For the 60th International Exhibition of la Biennale di Venezia Stranieri Ovunque (Foregneirs Everywhere), artist Claudia Alarcón and art-collective Silät are presenting their reflections on being treated as foreigners in their own country.


Claudia Alarcón is an indigenous textile artist from the La Puntana community of Wichí people, who inhabit the Grand Chaco region that straddles the borders of Argentina, Bolivia and Paraguay. Alongside her individual practice, she leads the Silät collective, an organisation of one hundred women weavers of different generations. Together, they continue the centuries-old tradition of weaving with hand-spun vegetal fibres from the native chaguar plant, a communal, female-led production. Working closely with curator Andrei Fernández, Alarcón and Silät explore the possibilities of artmaking within and beyond these traditions. The collective held their first UK exhibition at Cecilia Brunson Projects in October 2023, and are featured this year in the Venice Biennale.


Adriano Pedrosa’s exhibition for the Biennale, Stranieri Ovunque (Foreigners Everywhere), highlights artists located at the world’s margins, and those treated as a foreigner in their own country. Alarcón and Silät’s inclusion reflects the significance of their work as an experimental expression of contemporary indigenous culture and an important contribution to the art historical narrative of geometric abstraction in Latin America.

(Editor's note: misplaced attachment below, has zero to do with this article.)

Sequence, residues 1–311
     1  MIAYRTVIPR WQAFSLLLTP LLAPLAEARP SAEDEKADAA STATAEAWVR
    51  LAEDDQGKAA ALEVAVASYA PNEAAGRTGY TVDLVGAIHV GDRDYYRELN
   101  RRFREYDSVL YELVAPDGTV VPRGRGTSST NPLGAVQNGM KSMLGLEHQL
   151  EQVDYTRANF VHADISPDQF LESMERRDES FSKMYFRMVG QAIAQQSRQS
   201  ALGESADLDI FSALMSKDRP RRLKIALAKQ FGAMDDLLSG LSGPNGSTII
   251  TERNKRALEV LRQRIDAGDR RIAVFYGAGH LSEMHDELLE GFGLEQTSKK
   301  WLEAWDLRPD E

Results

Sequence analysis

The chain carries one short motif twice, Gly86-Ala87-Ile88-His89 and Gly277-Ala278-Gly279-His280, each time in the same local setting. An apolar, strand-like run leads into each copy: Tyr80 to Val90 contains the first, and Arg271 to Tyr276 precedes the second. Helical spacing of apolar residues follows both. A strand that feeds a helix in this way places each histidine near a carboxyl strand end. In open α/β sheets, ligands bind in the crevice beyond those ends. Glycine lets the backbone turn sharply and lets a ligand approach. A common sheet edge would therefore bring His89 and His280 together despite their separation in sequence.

Claudia Alarcón’s writings about participating in the Venice Biennale: “I, along with the Silät group, was recently invited to exhibit at the Venice Biennale this year. I am aware that there are many artists who would die to be in that place, so being in this group is a pleasure because it is not only me but all the other women who have knowledge about weaving. It is true that I open possibilities to the other women, because for me it is more satisfactory that all the women are there. We all want to work; we all need it and it is true that every person interested in carrying out this task that we do has their place and can participate in this art. We have always weaved, but we never imagined this, and it is very satisfying because we have been discovered and made visible. What I want from this occasion is for this to be a way out for those of us, who live in these places and have many needs, some basic like water and food. We hope these changes will bring access for our children to a better level of education, to be able to nourish themselves with good nutrition, good medication. Today we have many needs and the women believe we can get help through what we do.  We do not intend for it to solve all our problems, but rather for it to be a motivation that will open other opportunities in the future. This is what I have to say, a wish: seeing that our children, our grandchildren, are going to have more and more knowledge and are also going to weave as they learn from their elders. We continue working to show people, and our children, the practice of weaving as indigenous women. When I start weaving, I remember that I am Indigenous, I remember who I am. We named our group “Silät”, because for us that means “announcement”. We want everyone to know that we live here, that the Wichí still exist”.

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